Climbing a Tree

The tree which moves some to tears of joy is in the eyes of others only a green thing that stands in the way. Some see nature all ridicule and deformity… and some scarce see nature at all. But to the eyes of the man of imagination, nature is imagination itself. ~William Blake

There was a cherry tree in the yard of my childhood home. My brother and I enjoyed climbing it.

I remember once, during cherry season, my brother and I climbed higher than before, trying to get to those sweet cherries. When he had had enough, my brother climbed down.

I, however, was stuck.

There was no going up and no coming down. My mother had to come out, climb the ladder, retrieve me, and carry me down.

About a day later, I climbed the tree again.

I got stuck again.

I wasn’t allowed to climb the tree after that.

Zaccheus was familiar with a tree, too.

Luke 19 tells us that he ran ahead of the crowd to climb a sycamore-fig tree. He was short and wanted to see Jesus among the people.

He must have had a relationship with that tree for it to pop into his head. Sycamore fig trees are about the size of apple or cherry trees, full of ripe fruit in the autumn.  I wonder if his mom ever had to rescue him when he was a youngster.

Maybe he had a relationship with lots of trees since he was short. I don’t know.

But what I do know is that Zaccheus used what was right in front of him to get to know Jesus better.

He was excited, curious, determined.

He had heard something that piqued his interest and he wanted to know more. When Jesus saw him in the tree, Jesus invited himself to dinner at Zaccheus’s house.

What trees are along your path?

Is your child asking you questions about faith? Settle in those branches to read the Bible together and look for the answers.

Are you struggling with a health issue that the doctors don’t understand? Hold tightly to the trunk for a month of fasting and prayer while looking for healing and/or other options.

Maybe you’ve lost a job, a loved one, or hope. Don’t worry. Even a dead tree can be climbed.

Are you using what’s right in front of you to know the Savior of the world even better? Are you climbing your tree?

What does your tree look like?

As he approached Jerusalem and saw the city, he wept over it and said, “If you, even you, had only known on this day what would bring you peace—but now it is hidden from your eyes. The days will come upon you when your enemies will build an embankment against you and encircle you and hem you in on every side. They will dash you to the ground, you and the children within your walls. They will not leave one stone on another, because you did not recognize the time of God’s coming to you.” Luke 19:41-44 NIV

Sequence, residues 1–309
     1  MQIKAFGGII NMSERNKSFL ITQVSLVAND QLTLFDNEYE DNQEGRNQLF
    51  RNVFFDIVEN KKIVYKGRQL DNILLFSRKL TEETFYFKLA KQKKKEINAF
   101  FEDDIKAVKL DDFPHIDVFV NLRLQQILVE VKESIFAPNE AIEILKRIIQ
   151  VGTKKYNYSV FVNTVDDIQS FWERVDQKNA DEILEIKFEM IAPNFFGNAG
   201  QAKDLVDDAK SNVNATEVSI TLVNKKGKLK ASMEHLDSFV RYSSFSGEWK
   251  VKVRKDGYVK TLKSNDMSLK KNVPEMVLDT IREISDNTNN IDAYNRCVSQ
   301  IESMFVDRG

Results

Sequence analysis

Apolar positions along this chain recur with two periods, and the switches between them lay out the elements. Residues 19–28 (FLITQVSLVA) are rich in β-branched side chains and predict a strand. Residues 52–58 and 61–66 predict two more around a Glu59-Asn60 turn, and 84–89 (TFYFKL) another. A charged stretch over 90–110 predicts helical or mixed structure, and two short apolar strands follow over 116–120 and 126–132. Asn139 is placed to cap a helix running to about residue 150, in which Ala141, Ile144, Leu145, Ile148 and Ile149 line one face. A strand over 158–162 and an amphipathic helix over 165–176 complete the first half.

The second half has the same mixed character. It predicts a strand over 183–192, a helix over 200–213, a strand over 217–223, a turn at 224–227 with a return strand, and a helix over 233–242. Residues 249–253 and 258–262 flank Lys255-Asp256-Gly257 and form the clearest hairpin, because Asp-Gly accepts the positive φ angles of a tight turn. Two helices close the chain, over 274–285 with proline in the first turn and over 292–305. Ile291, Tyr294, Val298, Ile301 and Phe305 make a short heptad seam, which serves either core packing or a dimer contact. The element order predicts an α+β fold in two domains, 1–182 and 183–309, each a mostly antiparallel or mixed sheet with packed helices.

Quiet Perspective

From my perspective, I absolutely believe in a greater spiritual power, far greater than I am, from which I have derived strength in moments of sadness or fear. That’s what I believe, and it was very, very strong in the forest. ~Jane Goodall

A tall birch grows on the south side of the house. Its willowy branches sway in the tiniest breeze.

From my bedroom window I spy a dead bough wedged in the forks of a main branch. At the base of the tree grows a clump of gnarled roots, searching for a bit of grass to cover them. The gray-brown trunk, stripped by goats during the winter months, stands in naked disregard.

This window gazes upon a homeless man who whines about the way the world has treated him. Behind him stands a bent old woman complaining about her never ending aches and pains. Glowering above them both is a young man staring into the distant horizon, his anger twisting the branches into a crown of hatred.

From my armchair in the study I stare at the same tree. It is full of life; green leaves twist in the soft summer wind. The rising sun filters through it causing shadows and golden light to dance in sweet harmony. Through the glass I hear the songbirds greet the coming day.

This window looks out on a wizened old man who needs a helping hand after a family disaster. Behind him, bowed from years of serving others, a woman rubs her aching back. The young man squints in the morning sun searching for a stump to offer the old woman some rest.

Daily life can make me hardened. I see only flaws and disappointments. Anger tinges my rising sun with bitterness and hostility.

God often takes us into wilderness to change our perspective. He sends Hagar into the wilderness to tell her that he is still watching over her and her son. He sends Hosea’s wife into the wilderness to remind her that he is her first love. Moses wanders in the wilderness and sees that it is God who is leading. Jesus retreats to the wilderness to restore his energy and perspective.

Time with God spent in quiet solitude refocuses my vision. It allows me to see the same tree again, but to revel in its beauty and grace.

Changing your perspective can be as simple as looking out a different window. Spend time alone with God. And as the sun rises, let him pull back back the curtain.

 The God who made the world and everything in it, being Lord of heaven and earth, does not live in temples made by man, nor is he served by human hands, as though he needed anything, since he himself gives to all mankind life and breath and everything. And he made from one man every nation of mankind to live on all the face of the earth, having determined allotted periods and the boundaries of their dwelling place, that they should seek God, and perhaps feel their way toward him and find him. Yet he is actually not far from each one of us,  for “‘In him we live and move and have our being’; as even some of your own poets have said, “‘For we are indeed his offspring.” Acts 17:24-28 ESV